But Can It Fight? | Aero-News Network
Aero-News Network
RSS icon RSS feed
podcast icon MP3 podcast
Subscribe Aero-News e-mail Newsletter Subscribe

** Airborne 07.25.14--CLICK HERE! ** HD iPad-Friendly Version--Airborne 07.25.14 **
** Airborne 07.23.14--CLICK HERE! ** HD iPad-Friendly Version--Airborne 07.23.14 **
** Airborne 07.21.14--CLICK HERE! ** HD iPad-Friendly Version--Airborne 07.21.14 **

Tue, Sep 28, 2004

But Can It Fight?

Article: Pilots Question Testing Of Combat Capabilities

The V-22 may have risen like the Phoenix from the ashes of two fatal crashes four years ago, but can it do the job it was built to do? That question, posed by the Fort Worth Star-Telegram, comes after the Pentagon admitted the Osprey wasn't tested in the "most severe maneuvers." The reason: executives at Bell's plant in Arlington (TX) and Boeing's helicopter facility in Pennsylvania feared such maneuvers would damage the aircraft.

Does that mean the V-22 might be vulnerable? Does the fact that some violent maneuvers, such as those necessary in evading ground fire, were deleted from the evaluation course mean there are undisclosed flight problems with the aircraft?

"The tactical implications of this limitation have been carefully considered and will continue to be reviewed," said the Pentagon's chief weapons tester, Tom Christie, in an exclusive interview with the Fort Worth paper.

Some veteran helicopter warriors don't like it. "The V-22 won't do the mission it was designed to do," said Bill Lawrence, a former helicopter pilot in Vietnam. He once oversaw the V-22 test program, but retired in 1989, before testing began, according to the Star-Telegram. "For Christie's office to come right out and say that they didn't do the testing simply means they absolutely know the V-22 cannot operate where the average Marine combat pilot is going to have to take it in order to survive."

But Boeing's chief V-22 test pilot, Tom MacDonald, disagrees. "We don't feel there are going to be any limitations on maneuvering this airplane reasonably," he told the Star-Telegram. "Everything you fly has some limits."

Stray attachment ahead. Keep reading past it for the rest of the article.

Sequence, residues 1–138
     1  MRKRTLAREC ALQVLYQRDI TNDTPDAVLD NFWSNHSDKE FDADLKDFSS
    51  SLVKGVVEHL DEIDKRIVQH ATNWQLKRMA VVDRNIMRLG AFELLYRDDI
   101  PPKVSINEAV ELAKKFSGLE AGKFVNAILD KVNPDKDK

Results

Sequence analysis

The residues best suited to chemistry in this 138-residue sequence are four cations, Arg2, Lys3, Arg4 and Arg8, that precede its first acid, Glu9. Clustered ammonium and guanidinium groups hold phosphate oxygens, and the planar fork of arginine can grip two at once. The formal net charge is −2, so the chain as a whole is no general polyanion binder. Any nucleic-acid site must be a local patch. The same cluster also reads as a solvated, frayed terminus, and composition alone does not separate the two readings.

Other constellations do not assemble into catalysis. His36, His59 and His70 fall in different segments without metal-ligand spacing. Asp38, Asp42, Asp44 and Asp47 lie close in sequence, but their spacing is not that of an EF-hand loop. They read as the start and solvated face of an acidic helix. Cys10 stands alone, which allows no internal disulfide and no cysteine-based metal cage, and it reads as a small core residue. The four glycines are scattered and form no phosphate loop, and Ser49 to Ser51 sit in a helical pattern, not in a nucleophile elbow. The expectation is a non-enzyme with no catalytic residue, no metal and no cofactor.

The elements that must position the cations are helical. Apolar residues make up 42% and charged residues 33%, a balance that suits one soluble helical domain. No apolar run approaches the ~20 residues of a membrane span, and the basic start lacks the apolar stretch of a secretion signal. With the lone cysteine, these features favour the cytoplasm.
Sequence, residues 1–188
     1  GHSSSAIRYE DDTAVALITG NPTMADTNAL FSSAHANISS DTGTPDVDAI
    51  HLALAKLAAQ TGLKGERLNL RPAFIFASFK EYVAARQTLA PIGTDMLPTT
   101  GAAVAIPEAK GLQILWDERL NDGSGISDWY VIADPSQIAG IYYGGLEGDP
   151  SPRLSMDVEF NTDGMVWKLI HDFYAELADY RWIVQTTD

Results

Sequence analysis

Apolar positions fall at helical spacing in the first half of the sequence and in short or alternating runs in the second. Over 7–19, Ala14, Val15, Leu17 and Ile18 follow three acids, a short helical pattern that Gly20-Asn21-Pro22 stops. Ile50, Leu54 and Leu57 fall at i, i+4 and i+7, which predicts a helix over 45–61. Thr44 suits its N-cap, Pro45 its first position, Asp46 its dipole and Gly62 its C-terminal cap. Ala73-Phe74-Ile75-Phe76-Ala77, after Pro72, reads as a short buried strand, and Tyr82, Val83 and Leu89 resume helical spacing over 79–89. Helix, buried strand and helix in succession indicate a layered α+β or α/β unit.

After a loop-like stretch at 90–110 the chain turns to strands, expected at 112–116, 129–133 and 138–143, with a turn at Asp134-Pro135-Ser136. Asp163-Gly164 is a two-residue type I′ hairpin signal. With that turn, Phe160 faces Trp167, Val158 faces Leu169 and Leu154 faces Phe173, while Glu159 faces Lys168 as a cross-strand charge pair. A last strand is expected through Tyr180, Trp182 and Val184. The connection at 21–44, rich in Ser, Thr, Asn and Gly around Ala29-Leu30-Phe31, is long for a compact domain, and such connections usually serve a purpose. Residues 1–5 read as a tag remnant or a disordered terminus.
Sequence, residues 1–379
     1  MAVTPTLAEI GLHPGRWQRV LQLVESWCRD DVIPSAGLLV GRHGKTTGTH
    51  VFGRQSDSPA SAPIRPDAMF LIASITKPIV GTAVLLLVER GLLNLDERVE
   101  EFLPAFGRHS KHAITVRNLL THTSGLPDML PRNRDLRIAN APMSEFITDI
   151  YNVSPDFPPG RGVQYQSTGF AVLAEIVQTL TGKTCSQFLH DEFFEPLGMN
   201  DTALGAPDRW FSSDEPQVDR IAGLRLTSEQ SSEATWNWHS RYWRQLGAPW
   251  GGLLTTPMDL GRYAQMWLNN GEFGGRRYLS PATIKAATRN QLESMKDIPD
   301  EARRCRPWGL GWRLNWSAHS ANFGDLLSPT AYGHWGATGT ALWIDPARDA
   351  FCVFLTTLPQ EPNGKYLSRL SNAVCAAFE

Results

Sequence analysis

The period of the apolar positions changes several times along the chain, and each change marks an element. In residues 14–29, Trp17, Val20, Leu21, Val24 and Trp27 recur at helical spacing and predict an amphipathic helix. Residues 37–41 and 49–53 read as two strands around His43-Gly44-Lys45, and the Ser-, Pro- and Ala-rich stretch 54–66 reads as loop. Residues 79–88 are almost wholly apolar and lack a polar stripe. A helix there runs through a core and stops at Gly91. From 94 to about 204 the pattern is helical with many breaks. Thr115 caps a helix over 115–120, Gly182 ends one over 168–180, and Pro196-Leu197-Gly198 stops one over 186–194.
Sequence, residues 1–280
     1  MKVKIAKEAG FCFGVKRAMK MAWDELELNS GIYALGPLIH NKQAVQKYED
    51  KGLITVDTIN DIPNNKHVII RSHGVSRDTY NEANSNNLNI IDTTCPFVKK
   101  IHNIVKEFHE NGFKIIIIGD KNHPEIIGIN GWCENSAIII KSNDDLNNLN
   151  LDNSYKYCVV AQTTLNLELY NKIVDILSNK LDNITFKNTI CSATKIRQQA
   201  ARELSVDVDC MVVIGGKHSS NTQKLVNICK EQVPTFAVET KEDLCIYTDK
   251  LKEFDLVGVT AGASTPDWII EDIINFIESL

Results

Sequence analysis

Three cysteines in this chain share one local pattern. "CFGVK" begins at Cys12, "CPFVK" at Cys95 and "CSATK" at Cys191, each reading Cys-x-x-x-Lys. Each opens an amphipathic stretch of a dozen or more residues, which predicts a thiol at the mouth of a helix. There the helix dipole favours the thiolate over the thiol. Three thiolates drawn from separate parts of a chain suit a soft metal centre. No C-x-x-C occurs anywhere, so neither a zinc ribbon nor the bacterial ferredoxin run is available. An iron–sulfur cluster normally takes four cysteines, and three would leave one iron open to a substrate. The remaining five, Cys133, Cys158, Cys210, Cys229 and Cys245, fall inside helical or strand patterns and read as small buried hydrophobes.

Quoting a source close to the testing regime, the Star-Telegram reported pilots specifically skipped a series of violent defensive maneuvers after they were warned by engineers the tests might cause severe rotor damage. In fact, tough but routine tests actually did damage the aircraft.

FMI: www.pma275.navair.navy.mil

Advertisement

More News

It's Turbo Time! AeroVee Turbo Orders Now Accepted

Will Offer Significant Performance Boost For Sonex Aircraft Sonex Aircraft announced at a press and customer briefing Sunday morning that orders are now being accepted for the long>[...]

There's A New Light Sport Amphib Coming To The Block

MVP.Aero Introduces What It Calls The Worlds 'Most Versatile Plane' A new sport plane that is designed to operate from runways, water, and snow and ice was introduced Sunday aftern>[...]

Historic OSH2014 Sponsor: Bendix-King by Honeywell

OSH2014 Sponsor: Bendix-King by Honeywell The history of the Bendix name runs parallel to the development of King Radio until the mid-1980s, when the Allied Corporation purchased B>[...]

Revolutionary OSH2014 Sponsor -- Aviation Modifications Leaders

Aviation Modifications Leaders -- Unique Solutions For Critical Applications During two decades of designing, engineering and installation of Satcom systems with Honeywell (Allied >[...]

OSH2014 Sponsor: 'Super-App' ForeFlight

LONG-TIME ANN Sponsor, ForeFlight, Provides GREAT Guidance For Oshkosh 2014! ForeFlight was founded in 2007 by aviation entrepreneurs who set out to build elegant, high-performing >[...]

blog comments powered by Disqus



Advertisement

Advertisement

Podcasts

Advertisement

© 2007 - 2014 Web Development & Design by Pauli Systems, LC